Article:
The Unbound

Book review by
Julie A. Carlson, Common Sense Media
The Unbound Book Poster Image
Romance, thrills as exciting fantasy series continues.

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A lot or a little?

The parents' guide to what's in this book.

Educational Value

The Unbound aims to entertain more than to educate. 

Positive Messages

The Unbound offers positive messages about the importance of friendship, family life, and first love. Also, sometimes we need to ask others for help when we're in a tough situation. 

Positive Role Models & Representations

Mackenzie is believably flawed: brash, smart-alecky, often leery of people, and prone to making assumptions. She keeps secrets from her parents, especially about the rigors of her job, which often leaves her with injuries in the wake of violent clashes. But she does want to help people and worries more about their safety than her own. Wes wants what's best for Mackenzie and his friends. Other positive teen role models and adults also appear. 


As in The Archived, The Unbound has plenty of violence: hand-to-hand combat, fighting with weapons, pushing, shoving, and chasing. Most of this occurs in the context of Mackenzie's battles with dark forces.


Mild flirting, teasing, a kiss, sleeping next to each other in the same bed. 


"Ass,"  "hell," "screw you." Some name-calling.

Drinking, Drugs & Smoking

What parents need to know

Parents need to know that THE UNBOUND, the second installment in The Archived series, has a strong heroine, an intriguing romantic love interest, and interesting side characters. Mackenzie Bishop continues her job of keeping the dead from escaping the Narrows, a limbo-like state between life and death. Now adults and young people are simply vanishing from the world of the living, and she wonders if she has anything to do with it. Along the way, there's some violence (hand-to-hand combat, fighting with weapons, pushing, shoving), mild flirting, a kiss, and minor swearing/crude language, such as "ass" and "hell."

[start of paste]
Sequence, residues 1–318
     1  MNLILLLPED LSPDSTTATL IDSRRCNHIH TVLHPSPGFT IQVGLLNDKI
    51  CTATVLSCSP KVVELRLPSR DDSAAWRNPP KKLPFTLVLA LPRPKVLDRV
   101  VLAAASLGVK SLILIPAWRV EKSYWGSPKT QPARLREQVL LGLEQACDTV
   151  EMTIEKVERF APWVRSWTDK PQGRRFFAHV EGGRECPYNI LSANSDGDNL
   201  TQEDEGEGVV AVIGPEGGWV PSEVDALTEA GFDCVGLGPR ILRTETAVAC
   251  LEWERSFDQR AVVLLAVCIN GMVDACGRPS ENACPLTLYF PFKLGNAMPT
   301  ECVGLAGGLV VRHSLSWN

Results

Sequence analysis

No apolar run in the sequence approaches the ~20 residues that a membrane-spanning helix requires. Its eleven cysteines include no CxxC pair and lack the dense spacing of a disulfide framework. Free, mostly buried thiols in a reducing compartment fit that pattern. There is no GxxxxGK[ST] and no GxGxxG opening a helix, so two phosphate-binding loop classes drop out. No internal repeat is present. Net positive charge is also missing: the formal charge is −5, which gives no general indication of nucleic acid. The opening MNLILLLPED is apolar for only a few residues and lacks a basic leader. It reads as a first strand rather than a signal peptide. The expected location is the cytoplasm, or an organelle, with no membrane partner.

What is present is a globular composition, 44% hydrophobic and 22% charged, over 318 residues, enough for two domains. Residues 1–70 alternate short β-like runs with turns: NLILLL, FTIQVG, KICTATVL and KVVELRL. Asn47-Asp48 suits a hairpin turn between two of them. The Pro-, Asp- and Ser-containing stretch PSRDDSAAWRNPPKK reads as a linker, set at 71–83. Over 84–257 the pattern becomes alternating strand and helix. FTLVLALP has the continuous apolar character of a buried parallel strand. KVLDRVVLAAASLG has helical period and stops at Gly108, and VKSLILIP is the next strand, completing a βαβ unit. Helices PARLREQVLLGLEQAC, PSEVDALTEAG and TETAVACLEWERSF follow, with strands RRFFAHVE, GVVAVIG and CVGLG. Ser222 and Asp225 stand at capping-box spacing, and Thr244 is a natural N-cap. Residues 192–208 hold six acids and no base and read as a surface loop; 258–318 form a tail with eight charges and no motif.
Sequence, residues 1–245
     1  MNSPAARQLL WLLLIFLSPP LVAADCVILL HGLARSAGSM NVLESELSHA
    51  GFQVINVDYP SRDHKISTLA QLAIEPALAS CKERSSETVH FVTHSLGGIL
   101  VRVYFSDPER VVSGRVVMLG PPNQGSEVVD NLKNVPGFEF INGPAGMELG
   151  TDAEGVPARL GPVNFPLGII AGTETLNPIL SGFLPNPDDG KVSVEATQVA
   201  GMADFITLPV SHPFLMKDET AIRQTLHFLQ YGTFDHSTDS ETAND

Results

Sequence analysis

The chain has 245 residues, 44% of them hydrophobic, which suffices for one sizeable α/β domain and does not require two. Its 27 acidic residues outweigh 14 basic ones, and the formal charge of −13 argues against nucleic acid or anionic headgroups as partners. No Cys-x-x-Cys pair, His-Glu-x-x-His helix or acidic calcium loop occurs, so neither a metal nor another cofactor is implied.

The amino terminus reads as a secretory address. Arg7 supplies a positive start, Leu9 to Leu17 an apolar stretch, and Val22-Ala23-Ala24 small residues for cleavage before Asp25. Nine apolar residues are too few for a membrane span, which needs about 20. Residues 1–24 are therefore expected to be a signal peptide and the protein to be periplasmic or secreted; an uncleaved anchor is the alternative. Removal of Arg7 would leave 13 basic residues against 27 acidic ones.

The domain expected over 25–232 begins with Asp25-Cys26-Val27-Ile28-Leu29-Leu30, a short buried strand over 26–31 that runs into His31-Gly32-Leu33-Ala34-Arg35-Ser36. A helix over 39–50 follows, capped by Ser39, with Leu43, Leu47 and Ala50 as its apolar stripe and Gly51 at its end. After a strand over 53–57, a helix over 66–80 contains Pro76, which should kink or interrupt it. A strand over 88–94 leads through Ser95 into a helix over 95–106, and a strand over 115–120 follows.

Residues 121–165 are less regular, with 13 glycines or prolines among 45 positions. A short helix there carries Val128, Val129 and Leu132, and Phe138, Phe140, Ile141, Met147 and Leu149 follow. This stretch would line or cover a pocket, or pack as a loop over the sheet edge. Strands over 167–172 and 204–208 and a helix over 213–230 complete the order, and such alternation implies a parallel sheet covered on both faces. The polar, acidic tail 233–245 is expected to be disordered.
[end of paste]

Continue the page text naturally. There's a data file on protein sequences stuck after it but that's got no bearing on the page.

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What's the story?

Amateur sleuth and "Keeper" Mackenzie Bishop is still haunted by the villain in The Archived, the series' first volume, as she moves to Hyde, a private high school. Making new friends and enemies along the way, she continues her budding romance with Wesley Ayers, a fellow Keeper, and gets involved in a bit of a love triangle. Not only does she have to deal with school, a boyfriend, and returning "Histories" (the dead) to the Archives, living people she knows also are starting to vanish -- and her recurring blackouts make her wonder if she's responsible for their disappearances. She's soon in a race against time, trying to discover what's happening to her friends and acquaintances before she gets the blame and loses her job, if not her life.

Is it any good?

Readers will enjoy the recurring and new characters, especially the students at Hyde, in THE UNBOUNDa solid follow-up to The ArchivedMackenzie's ongoing fear of Book 1's antagonist may seem excessive, but as with all elements of the story, there's a good reason for it that makes for fun reading. Readers will cheer this strong heroine, who finds her feelings for Wes tested by a love triangle. A fast-moving tale with exciting action and fighting scenes, The Unbound sets up the next book and leaves readers wanting more.

Talk to your kids about ...

  • Families can talk about how stories depict the relationship between the dead and the living. Is it different depending on whether it's a horror story, a fantasy, a fairy tale, or a time-travel adventure?

  • If you were having blackouts, would you seek help from an adult or try to figure out a solution yourself?

  • When is it better to work together with other people, and when should you go it alone?

Book details

Our editors recommend

For kids who love romantic fantasy and adventure

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